One way of finding an association that is a better fit is to Google your particular field, like dermatology followed by “medical associations” and there will be some good examples.

Find your way to better professional connections online and boost your profile online. Introduce yourself to the online medical community and prospective patients, you won’t be sorry.

Learn more: 5 Random Ways To Finally Understand How Social Media Works


Nick Rojas is a business consultant and writer who lives in Los Angeles. He has consulted small and medium-sized enterprises for over twenty years. He has contributed articles to, Entrepreneur, and TechCrunch. You can follow him on Twitter @NickARojas, or you can reach him at



How To Use Twitter To Grow Your Business

By Inbound Marketing

Twitter is a great social media platform for businesses. With over 255 million active users and over 500 million tweets per day, it is a very viable network to help grow your business or augment your marketing.

But the question remains for most business owners (and some marketers) … How can I use Twitter to grow my business?

You should use Twitter if you want to drive more traffic to your website, build your personal or corporate brand, interact with your customers or attract new customers. Twitter allows you to inform your customers of new products, provide customer support and create/maintain top–of-mind awareness.

If you’re a start-up or a small-medium sized business looking to generate traffic to your website and grow your business through this cost-effective social media channel, here are 10 tips you should consider.

1. Write an interesting profile description

The first step is to figure out what you should say about yourself or your brand. An interesting description goes a long way. You only have 160 characters to explain who you are. If you’re just starting out, write half of it about your interests and the second half about who you are. 
You can always change it later. 

Here are a few interesting and humorous examples:

  • @jimmyfallon – Astrophysicist

  • @hillaryclinton— Wife, mom, lawyer, women & kids advocate, FLOAR, FLOTUS, US Senator, SecState, author, dog owner, hair icon, pantsuit aficionado, glass ceiling cracker, TBD…
  • @rumpArump — I still don’t understand Twitter, but here I am.
  • @ConanOBrien — The voice of the people. Sorry, people.
  • @karenrclark—I’ve never been a millionaire but I just know I’d be darling at it.
  • @richardbranson— Tie-loathing adventurer and thrill seeker, who believes in turning ideas into reality. Otherwise known as Dr Yes at @virgin!

    Still having trouble? Try the Twitter Bio Generator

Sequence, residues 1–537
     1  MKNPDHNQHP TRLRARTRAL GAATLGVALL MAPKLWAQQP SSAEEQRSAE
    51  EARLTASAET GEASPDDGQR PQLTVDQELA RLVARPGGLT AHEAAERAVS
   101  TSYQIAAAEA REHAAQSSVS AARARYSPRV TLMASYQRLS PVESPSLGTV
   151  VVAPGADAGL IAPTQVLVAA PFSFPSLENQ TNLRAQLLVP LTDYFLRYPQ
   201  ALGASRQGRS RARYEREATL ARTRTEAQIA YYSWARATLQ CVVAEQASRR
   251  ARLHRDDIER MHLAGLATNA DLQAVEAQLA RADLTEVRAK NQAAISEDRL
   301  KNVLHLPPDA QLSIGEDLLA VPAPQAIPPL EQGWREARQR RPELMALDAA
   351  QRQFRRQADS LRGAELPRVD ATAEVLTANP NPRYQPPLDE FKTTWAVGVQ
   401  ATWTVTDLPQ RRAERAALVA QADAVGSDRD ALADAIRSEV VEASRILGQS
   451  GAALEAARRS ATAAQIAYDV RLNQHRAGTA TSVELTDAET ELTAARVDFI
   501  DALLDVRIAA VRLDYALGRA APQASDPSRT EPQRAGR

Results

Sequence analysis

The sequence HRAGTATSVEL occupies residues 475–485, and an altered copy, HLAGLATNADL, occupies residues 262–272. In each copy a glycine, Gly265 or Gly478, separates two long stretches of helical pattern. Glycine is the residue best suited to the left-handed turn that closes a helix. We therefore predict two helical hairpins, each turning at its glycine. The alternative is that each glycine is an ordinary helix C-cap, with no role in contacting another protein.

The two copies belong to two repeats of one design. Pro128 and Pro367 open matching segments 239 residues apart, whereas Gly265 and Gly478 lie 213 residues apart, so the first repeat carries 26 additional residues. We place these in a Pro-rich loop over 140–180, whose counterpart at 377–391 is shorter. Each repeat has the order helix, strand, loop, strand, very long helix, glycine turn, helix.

2. Choose a professional photo and interesting background image

Recently, I conducted a Twitter test between my personal account and my business account. What I found is that my personal profile—in just two weeks—gained 150 more followers than my business account—and I tweeted the exact same content! The difference? People were more interested in me, than my business. Create a business and personal account and use both accounts to tweet out roughly the same content and see which one grows faster. Get a professional picture taken or choose one that is interesting and one where people can see your face clearly. For your background image, choose an engaging image that represents you or your brand.

3. Write valuable content

The #1 way that you can harness Twitter to grow your business is by creating your own content. By creating valuable content and tweeting it out, you are able to drive traffic to your website or blog. Once you get your followers to your website convert them into leads using call-to-actions and downloadable premium content offers.

4. Tweet valuable content (often) based on your buyer persona
Wondering what to tweet about? Knowing what to tweet about starts with your goals, your ideal customers and your interests. Start by identifying what your interests are and by identifying your buyer persona.

Buyer personas are fictional representations of your ideal customers. They are based on real data about customer demographics and online behavior, along with educated speculation about their personal histories, motivations, and concerns.

By understanding your buyer persona, you are able to focus on what kind of content your customers/followers are interested in. This allows you to help solve their problems and in return builds trust, credibility and thought leadership.

Follow people who have the same interests as you. For businesses, follow people who you’d like to work with. Use Alltop to locate, curate and share content.

[box type=”info” size=”large”]Tip: When tweeting, follow the 80/20 rule. This means you want to share 80 percent of other people’s content and only 20 percent of your own content. Don’t make it all about you, make it about your followers. [/box]

How often should I tweet?